The Single Biggest Mistake Each Star Trek Movie Has Made

No Star Trek film is free of error but some crimes are worse than others.

star trek into darkness

We don't mind being the ones to stick our neck out on this; some of the Star Trek films are damn near perfect from start to finish. The Wrath of Khan gave the audience the best villain of the franchise, First Contact re-invented the Borg, The Undiscovered Country produced arguably cinema's first-ever big-budget political thriller set in space, and The Final Frontier... exists.

Look, we said "some", alright?

But despite this incredible standard that's been maintained for decades now, each film still has its flaws. They might not be a big deal, and they certainly don't always ruin your enjoyment, but they are still there nevertheless. Be it a glaring plothole that actually undoes the entire premise of the film, or just one hair-brained decision that could easily have been snipped out at the writing stage, once you've noticed them it's pretty hard to notice anything else.

But, as we've already said, Star Trek usually produces damn near perfect movies. These mistakes are more to be celebrated as loveable flaws in the great intergalactic rodeo than they are catastrophic gaffes that undo over 50 years of boldly going to the local multiplex.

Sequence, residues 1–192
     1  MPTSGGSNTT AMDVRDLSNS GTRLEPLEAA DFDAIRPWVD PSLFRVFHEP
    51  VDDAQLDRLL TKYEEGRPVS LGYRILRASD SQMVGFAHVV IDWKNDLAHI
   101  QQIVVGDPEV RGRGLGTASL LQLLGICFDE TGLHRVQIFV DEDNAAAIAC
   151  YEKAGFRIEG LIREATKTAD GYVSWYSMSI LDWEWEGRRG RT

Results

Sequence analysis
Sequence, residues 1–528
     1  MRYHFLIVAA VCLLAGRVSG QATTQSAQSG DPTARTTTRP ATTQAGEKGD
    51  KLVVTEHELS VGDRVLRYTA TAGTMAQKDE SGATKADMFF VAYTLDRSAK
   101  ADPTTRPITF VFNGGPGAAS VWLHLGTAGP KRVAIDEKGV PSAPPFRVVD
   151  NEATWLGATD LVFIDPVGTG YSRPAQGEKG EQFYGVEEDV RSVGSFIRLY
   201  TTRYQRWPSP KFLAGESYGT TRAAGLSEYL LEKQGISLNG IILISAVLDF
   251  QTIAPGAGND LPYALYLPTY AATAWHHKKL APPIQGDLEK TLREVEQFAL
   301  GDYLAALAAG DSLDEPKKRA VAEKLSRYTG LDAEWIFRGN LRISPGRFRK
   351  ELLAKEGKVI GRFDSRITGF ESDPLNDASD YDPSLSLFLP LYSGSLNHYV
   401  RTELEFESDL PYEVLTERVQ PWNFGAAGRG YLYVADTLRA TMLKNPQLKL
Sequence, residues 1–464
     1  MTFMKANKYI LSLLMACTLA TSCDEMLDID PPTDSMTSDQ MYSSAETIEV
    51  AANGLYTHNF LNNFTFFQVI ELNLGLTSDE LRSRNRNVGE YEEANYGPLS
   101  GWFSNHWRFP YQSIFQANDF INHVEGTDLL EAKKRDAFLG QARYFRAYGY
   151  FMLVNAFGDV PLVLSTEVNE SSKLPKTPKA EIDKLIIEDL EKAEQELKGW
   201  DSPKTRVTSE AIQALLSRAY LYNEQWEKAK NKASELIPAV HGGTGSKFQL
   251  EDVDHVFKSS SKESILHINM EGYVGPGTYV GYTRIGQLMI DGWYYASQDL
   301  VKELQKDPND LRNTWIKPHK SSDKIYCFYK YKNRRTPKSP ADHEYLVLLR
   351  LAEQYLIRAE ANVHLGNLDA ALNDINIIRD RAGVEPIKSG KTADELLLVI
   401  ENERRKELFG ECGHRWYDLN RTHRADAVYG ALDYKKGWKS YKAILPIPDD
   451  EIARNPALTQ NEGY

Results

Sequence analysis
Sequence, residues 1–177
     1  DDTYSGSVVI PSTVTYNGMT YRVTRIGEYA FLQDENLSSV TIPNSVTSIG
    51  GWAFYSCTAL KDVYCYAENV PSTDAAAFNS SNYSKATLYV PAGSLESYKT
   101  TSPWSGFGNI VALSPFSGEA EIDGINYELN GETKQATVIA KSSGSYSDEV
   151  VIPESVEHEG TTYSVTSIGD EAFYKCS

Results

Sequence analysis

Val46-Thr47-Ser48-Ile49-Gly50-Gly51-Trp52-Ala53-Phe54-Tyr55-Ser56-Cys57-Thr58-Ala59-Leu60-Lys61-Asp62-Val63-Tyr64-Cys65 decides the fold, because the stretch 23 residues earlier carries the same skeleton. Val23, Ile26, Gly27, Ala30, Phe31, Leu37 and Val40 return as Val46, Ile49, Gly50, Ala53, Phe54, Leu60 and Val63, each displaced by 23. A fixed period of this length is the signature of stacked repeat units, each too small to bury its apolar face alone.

13. Star Trek: The Motion Picture - LSD Time

star trek into darkness

The Mistake: The Wormhole

Why?: The wormhole scene in Star Trek: The Motion Picture is an example of too much being thrown at the audience. While we have been enjoying the beautiful re-design of the USS Enterprise and marveling at the slow departure from drydock, having the ship then get sucked into a random wormhole feels a bit... off.

The scene was included to show that the ship couldn't fire phasers while at warp, as the energy from these weapons came from the core itself. Unfortunately, the direction and depiction in the scene makes it very difficult to take the threat seriously. A stray asteroid in the wormhole does nothing to heighten this tension.

Decker's overruling of Kirk makes perfect sense, though the shot that lingers on Shatner's shocked reaction asks the audience to ignore the situation and believe that this Admiral wouldn't know that his Executive Officer would be acting in the best interests of the ship. The scene ends quickly and the ship is able to use normal warp drive again but it sticks out as an action scene that would have been better left on the cutting room floor.


Writer. Reader. Podcast Host. I'm Seán, I live in Ireland and I'm the poster child for dangerous obsessions with Star Trek. Check out my weekly podcast on all things....well all things film! Check me out on Twitter @seanferrick or at the website